While I still consider it in an alpha state in terms of content & features, the gameplay that’s currently available has become extremely polished thanks to feedback from all of public playtesting, and the feedback has been very helpful for me in terms of focusing the game on the gameplay elements people have responded to in a positive way.
I want people to play the game and enjoy it, so being able to get comments, feedback & criticism from people who actually play games has been awesome.
Candace: How long do you think it will be until the game is out of it’s current stage and will be “finished”? Of course, we know a game is never fully finished. Always new content and tweaks.
Nick: It’s getting more complete every day. My goal is to have the initial release out at the end of this year or beginning of next year. After that, I’ll be working on a few DLC packs that will be available for free. I’m not especially comfortable with charging for DLC, so what I’m planning to do is release the game for a lower price, then raise it after each content pack, so those who purchase early can expect additional content for free, while those purchasing later will be paying a small amount more, since the game they’re buying is a bigger game than those who purchased earlier. I don’t see it going over $ 12-$ 15 though. It’ll probably start at around $ 8-$ 10.
Candace: Before I ask about release of the game, let me ask a few questions about what players see and feel when they’re playing Sombrero. At the beginning, there’s a character select screen. Do the different characters offer different game play styles or is it strictly aesthetic?
Nick: It’s strictly aesthetic. I had plans at one point to customize the character’s handling somewhat, but with 20+ playable characters planned, that’s a bit much for me to handle. The upshot there’s a good chance that there’s at least a few characters in there *everyone* will like to play as.
Candace: Then you choose a stage and jump right into the action, right? How long does an average game take?
Nick: Players will be able to set the length of each round as well as how many rounds in a match to whatever they want. The default is 120 seconds a round with 3 rounds. Which is kind of a shame, really, because the soundtrack Nathaniel created has much longer tracks, but that’s what felt right as a good starting length based on playtesting feedback.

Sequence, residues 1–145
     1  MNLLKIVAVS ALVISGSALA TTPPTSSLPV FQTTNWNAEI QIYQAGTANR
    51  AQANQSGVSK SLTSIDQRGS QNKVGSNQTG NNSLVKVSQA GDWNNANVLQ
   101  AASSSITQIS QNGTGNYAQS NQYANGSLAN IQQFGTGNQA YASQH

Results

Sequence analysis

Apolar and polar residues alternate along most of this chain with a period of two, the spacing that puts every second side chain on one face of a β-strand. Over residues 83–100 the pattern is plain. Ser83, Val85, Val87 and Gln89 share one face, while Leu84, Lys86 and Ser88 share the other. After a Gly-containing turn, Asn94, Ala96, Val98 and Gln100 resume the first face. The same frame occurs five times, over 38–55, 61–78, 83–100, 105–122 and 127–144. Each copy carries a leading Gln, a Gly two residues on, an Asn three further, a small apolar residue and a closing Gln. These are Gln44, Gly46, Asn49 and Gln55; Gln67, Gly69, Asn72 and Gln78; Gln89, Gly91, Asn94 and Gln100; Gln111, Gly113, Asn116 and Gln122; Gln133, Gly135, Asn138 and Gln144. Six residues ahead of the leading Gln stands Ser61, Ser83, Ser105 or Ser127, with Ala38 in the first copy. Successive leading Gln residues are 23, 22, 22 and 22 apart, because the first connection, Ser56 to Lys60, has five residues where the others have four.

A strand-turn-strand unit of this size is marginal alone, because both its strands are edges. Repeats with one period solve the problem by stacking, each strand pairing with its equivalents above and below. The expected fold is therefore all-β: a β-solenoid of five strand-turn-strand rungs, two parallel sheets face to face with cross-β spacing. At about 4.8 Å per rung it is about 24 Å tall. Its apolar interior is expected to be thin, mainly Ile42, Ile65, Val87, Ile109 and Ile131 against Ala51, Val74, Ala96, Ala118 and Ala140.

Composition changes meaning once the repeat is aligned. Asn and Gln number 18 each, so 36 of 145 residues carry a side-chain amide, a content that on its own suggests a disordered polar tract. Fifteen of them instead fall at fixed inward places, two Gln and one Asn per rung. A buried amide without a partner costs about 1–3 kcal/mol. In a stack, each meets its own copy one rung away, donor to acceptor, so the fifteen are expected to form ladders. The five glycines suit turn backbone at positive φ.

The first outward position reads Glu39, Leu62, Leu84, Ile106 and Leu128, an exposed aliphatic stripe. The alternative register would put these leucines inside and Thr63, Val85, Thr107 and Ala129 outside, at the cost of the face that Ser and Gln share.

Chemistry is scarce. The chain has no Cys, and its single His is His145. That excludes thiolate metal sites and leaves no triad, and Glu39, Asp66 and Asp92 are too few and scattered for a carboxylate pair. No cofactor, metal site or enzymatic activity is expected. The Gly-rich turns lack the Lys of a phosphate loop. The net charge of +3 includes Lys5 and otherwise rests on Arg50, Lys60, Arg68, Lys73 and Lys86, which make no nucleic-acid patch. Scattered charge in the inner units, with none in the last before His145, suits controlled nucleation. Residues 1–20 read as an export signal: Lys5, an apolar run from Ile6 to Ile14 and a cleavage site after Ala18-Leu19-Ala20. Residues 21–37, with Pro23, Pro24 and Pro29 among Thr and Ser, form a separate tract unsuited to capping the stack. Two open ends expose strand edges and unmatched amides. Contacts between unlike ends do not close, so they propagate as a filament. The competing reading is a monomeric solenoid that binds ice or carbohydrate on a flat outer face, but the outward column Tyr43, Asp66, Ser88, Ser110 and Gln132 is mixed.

Candace: How large are the maps? We know already there are elements like exploding barrels and other things, but can you utilize the walls or pitfalls and other obstacles to your advantage?
Nick: You can definitely utilize the pitfalls to your advantage, and do something like, say, using an exploding barrel to remove a platform above a spiked pit , causing another player to fall in. No wall jumps as of now, but that may be added in as a time-limited powerup.
Candace: O.K. time to wrap it up a little. Do you have any “super secret” things about Sombrero you can tell me?
Nick: Hmm. Well, I guess I kind of gave one away when I mentioned powerups, since they haven’t appeared in any public builds yet. So, yeah, powerups will be a thing.
Candace: I noticed that but I didn’t say anything. So, powerups will be a thing. You read here first!
Nick: Oh! And there’s also a number of guest characters in the game that are cameos from other indie games by developers who I respect and who are making other awesome games. They’ll be available as player characters as well, for the first time, when I show the game at the Boston Festival of Indie Games on Saturday, Sept 13th.
Candace: Nice! So any readers who are at the festival need to come check out Sombrero! Last but not least, what platforms can we find Sombrero on?
Nick: At the initial release it’ll be available on Windows, OSX and Linux. After that, I’ll be looking at the consoles. I’m a licensed Nintendo developer, so who knows…maybe a Wii U version is in the future in additional to the big two.
Candace: Awesome. Thank you so much for giving us a peek into Sombrero.